Seagates - Long ago best of the best. Had an 80Meg ST4096. What a tank it was! Today - not a good reputation. Recent class action lawsuit due to high failure rate. One model was at like 90% failure rate. Think the lawsuit may have jolted them a little to improve quality. I have invested in some 8T archives that work well so far. Will only buy cheap Seagates. If I'm going to spend more, I'll go with the HGST.

 

WD - People here like them. I don't particularly. Their incredibly high LCAs always annoyed me. The 1T green drives were awesome though that was a long time ago. The 2T greens were not nearly as good. And then I switched to Hitachi and stayed there. Hitachi didn't draw a premium price then. I went from 2T to 6T with almost all Hitachi / HGST. Did recently buy 2 8T from WD. Good price. So far so good. Like Seagate, I'd only buy cheap WDs, expecting higher failure rates.

 

HGST is $260/8T. Seagate/WD are $180/8T. I actually consider each a good deal, and bought some of each and will likely cost me about the same in the long run.


Supermicro CSE-M35T-1B Cages can be had for ~$50-$60 on ebay. Kindof expensive for 4. But they are awesome and last forever. Assuming same cages in the SuperMicro rack mounted case. There was a flurry a month or 2 ago of people buying those SuperMicro rack mounted cases on eBay. With upgraded backplanes. Not sure why they dried up if you can't find em.

 

Is it happy hour yet? Cheers!
 glasswhisky.jpg?w=225&ssl=1

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2 hours ago, bjp999 said:

I am not sure about how to get a GPU to do transcoding. Maybe you can share that trick with me. My current server has all slots consumed with controller cards, but I do have an RES2SV240 put away for a rainy day, that I could put into service and maybe free up an x4 slot.

 

My experience with drives -

 

HGST (previously Hitachi) are great. Last forever. Tanks. Highest recommendation. I'd use them all day and all night if they were a little cheaper. But they are worth the premium in reliability IMO.

 

Seagates - Long ago best of the best. Had an 80Meg ST4096. What a tank it was! Today - not a good reputation. Recent class action lawsuit due to high failure rate. One model was at like 90% failure rate. Think the lawsuit may have jolted them a little to improve quality. I have invested in some 8T archives that work well so far. Will only buy cheap Seagates. If I'm going to spend more, I'll go with the HGST.

 

WD - People here like them. I don't particularly. Their incredibly high LCAs always annoyed me. The 1T green drives were awesome though that was a long time ago. The 2T greens were not nearly as good. And then I switched to Hitachi and stayed there. Hitachi didn't draw a premium price then. I went from 2T to 6T with almost all Hitachi / HGST. Did recently buy 2 8T from WD. Good price. So far so good. Like Seagate, I'd only buy cheap WDs, expecting higher failure rates.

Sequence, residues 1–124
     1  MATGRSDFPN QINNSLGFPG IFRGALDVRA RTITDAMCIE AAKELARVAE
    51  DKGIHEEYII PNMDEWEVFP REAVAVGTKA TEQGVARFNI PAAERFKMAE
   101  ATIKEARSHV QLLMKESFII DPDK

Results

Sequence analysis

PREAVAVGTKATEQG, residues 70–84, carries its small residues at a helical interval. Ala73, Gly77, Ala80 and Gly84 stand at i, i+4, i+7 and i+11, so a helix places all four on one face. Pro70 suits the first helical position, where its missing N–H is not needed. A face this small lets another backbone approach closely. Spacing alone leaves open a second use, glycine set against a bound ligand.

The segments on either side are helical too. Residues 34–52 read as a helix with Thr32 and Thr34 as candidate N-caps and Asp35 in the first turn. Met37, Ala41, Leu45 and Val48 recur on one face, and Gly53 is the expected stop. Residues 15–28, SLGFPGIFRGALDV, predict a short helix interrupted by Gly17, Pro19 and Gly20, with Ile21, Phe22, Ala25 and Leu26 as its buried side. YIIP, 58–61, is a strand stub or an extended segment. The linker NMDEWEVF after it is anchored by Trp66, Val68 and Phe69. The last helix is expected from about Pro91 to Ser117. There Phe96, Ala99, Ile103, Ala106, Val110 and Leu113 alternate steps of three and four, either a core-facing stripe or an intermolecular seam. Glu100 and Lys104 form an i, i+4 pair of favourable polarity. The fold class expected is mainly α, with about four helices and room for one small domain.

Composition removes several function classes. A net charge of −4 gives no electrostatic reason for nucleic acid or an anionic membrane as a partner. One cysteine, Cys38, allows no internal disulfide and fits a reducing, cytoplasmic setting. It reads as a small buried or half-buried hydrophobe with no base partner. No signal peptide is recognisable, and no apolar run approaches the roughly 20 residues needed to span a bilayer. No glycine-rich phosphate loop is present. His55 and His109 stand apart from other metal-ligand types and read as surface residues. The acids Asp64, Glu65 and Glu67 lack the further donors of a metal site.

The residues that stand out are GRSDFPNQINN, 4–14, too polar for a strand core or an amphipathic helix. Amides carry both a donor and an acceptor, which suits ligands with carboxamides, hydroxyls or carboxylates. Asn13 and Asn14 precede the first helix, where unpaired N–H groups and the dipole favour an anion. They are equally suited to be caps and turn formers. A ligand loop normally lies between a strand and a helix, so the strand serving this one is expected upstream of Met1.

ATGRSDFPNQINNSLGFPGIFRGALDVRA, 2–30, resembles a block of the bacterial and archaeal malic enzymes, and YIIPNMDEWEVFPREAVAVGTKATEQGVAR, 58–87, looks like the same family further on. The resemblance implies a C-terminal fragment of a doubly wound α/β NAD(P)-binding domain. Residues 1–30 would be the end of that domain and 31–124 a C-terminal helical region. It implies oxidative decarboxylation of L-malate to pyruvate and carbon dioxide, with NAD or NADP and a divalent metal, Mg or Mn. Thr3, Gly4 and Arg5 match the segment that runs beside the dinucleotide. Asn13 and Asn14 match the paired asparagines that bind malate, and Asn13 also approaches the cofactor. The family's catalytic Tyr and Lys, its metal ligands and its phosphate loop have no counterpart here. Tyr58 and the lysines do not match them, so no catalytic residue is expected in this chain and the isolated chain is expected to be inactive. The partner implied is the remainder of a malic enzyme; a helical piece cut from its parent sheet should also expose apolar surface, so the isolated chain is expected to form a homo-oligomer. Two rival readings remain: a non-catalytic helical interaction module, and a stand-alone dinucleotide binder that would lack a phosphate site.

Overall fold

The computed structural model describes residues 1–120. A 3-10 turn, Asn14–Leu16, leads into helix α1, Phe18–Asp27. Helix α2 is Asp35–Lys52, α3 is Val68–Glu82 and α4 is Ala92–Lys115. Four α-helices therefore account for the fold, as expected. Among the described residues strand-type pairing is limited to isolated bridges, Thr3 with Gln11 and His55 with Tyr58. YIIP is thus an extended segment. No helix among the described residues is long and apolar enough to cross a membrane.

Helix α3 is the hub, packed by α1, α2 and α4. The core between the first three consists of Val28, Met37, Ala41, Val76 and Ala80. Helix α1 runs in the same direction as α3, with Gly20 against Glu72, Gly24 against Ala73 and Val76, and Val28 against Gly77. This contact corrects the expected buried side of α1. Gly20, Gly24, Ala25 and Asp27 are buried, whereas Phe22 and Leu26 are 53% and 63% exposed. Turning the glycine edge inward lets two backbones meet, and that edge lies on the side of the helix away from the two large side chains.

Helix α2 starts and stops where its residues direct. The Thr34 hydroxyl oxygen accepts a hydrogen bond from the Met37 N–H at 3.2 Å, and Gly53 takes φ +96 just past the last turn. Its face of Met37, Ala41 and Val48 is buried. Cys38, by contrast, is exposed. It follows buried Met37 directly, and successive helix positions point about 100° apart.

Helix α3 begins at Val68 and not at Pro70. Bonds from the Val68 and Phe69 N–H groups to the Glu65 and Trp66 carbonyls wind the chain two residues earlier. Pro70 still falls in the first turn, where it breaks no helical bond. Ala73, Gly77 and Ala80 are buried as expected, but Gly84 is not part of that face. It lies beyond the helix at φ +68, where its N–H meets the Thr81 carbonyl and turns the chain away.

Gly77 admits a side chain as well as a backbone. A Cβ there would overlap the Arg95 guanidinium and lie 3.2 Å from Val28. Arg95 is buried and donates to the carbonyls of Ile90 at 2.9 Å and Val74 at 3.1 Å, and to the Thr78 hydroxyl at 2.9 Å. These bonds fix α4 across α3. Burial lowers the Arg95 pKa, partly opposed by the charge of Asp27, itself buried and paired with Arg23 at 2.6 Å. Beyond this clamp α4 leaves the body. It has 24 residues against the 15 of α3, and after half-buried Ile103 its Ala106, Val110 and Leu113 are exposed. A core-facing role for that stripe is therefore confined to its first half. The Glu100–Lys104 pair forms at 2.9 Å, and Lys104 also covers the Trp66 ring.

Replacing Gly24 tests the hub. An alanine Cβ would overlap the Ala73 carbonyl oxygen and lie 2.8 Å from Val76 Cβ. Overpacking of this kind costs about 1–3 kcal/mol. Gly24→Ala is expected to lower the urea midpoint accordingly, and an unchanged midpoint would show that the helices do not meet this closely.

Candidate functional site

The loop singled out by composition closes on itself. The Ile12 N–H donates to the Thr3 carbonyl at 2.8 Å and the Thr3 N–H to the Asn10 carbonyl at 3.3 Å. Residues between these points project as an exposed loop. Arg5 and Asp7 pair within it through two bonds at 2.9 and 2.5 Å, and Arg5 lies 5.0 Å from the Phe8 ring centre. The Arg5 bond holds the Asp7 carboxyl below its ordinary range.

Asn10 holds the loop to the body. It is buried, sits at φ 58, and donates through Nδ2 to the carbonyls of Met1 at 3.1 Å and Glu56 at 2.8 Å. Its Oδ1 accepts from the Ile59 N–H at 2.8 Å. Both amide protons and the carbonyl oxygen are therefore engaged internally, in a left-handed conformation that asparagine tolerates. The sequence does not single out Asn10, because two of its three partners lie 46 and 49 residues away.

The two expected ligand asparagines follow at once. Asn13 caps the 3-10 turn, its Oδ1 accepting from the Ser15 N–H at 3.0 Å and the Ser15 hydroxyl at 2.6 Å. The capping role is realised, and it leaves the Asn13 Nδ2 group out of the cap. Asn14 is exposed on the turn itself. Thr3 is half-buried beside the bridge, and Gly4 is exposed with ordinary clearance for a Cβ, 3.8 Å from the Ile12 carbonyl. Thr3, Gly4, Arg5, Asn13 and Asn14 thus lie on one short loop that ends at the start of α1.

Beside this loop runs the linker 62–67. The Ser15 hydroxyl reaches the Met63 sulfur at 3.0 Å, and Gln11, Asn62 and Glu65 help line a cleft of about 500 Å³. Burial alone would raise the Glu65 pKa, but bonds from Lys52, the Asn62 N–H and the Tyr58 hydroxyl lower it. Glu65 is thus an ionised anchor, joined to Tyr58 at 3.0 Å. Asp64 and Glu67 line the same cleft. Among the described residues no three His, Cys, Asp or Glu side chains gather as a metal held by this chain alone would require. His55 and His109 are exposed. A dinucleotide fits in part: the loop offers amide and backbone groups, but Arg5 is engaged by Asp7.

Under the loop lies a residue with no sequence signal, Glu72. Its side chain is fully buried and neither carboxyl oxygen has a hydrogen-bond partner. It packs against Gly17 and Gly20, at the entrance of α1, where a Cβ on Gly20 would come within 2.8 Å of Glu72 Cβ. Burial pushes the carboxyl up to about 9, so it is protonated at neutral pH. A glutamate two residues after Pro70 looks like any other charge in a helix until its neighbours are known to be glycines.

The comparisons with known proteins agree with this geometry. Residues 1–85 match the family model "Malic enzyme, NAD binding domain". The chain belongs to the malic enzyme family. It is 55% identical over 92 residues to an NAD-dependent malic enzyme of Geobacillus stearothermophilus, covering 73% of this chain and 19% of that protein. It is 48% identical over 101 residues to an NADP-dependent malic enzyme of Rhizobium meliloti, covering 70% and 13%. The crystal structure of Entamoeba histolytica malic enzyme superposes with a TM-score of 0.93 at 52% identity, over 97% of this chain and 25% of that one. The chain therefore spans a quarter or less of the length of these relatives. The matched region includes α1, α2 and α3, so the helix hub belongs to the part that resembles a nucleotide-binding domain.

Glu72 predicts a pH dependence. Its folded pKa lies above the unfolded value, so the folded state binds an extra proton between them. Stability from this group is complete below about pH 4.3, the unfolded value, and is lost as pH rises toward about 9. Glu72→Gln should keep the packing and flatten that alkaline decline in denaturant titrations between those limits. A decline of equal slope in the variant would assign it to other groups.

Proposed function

HGST is $260/8T. Seagate/WD are $180/8T. I actually consider each a good deal, and bought some of each and will likely cost me about the same in the long run.


Supermicro CSE-M35T-1B Cages can be had for ~$50-$60 on ebay. Kindof expensive for 4. But they are awesome and last forever. Assuming same cages in the SuperMicro rack mounted case. There was a flurry a month or 2 ago of people buying those SuperMicro rack mounted cases on eBay. With upgraded backplanes. Not sure why they dried up if you can't find em.

 

Is it happy hour yet? Cheers!
 glasswhisky.jpg?w=225&ssl=1

 

I believe Plex currently cannot do GPU transcoding - I was saying hopefully they support it in the future. They currently have limited support for hardware transcoding in CPU see here: https://forums.plex.tv/discussion/250946/plex-media-server-hardware-transcoding-preview-1-4-0

 

Thanks for your recommendations regarding drives and cases!

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2 hours ago, TinkerToyTech said:

A case that'll take 4 5 in3 modules that I had good luck with is the Antec 1200.  my 2 cents worth.

 

https://www.amazon.com/Antec-Twelve-Hundred-V3-Gaming/dp/B004INH0FS/ref=sr_1_1?ie=UTF8&qid=1498083812&sr=8-1&keywords=antec+1200+v3

 

Much appreciated. I saw that case, but it's pretty ugly IMO. Aesthetics don't matter that much, but if I choose a tower I prefer a "cleaner" look.

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11 minutes ago, unraidusername said:

Much appreciated. I saw that case, but it's pretty ugly IMO. Aesthetics don't matter that much, but if I choose a tower I prefer a "cleaner" look.

 

The earlier versions weren't quite as whiz  bang. And if you installed 4x 5in3s, all those blue fans on the front would be gone. But I get you.

 

My Sharkoon:


594b12b3b1e0a_MyServer-Copy.thumb.jpg.da3fa93d22bc2b0e89ee2550496b7083.jpg

 

 

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  • 4 weeks later...
On 6/21/2017 at 6:04 PM, bjp999 said:

HGST (previously Hitachi) are great. Last forever. Tanks. Highest recommendation. I'd use them all day and all night if they were a little cheaper. But they are worth the premium in reliability IMO.

 

I beg to differ. I've been using WD drives for about 15 years and have had very little problems (1 DOA in 15 years, maybe 3 or 4 die of old age out of like 50+ drives). When I decided to upgrade my drives I saw on NewEgg that the 4 TB HGSTs had a higher rating than the 4 TB WD Reds, so I decided to go with them. I got 3 and 2 were DOA, so I RMA'd them through HGST, which I had to pay the shipping cost for and it took about 1.5 weeks to get there and about another 1.5 weeks for them to send it back to me. WD will overnight you a drive as long as you put up your credit card as collateral, which I think is awesome and is why I've stuck with them. Two years later one of my 7 4 TB HGST drives has 744 reallocated sectors! When I upgrade any of the drives I'm going with either WD Red or WD Red Pro.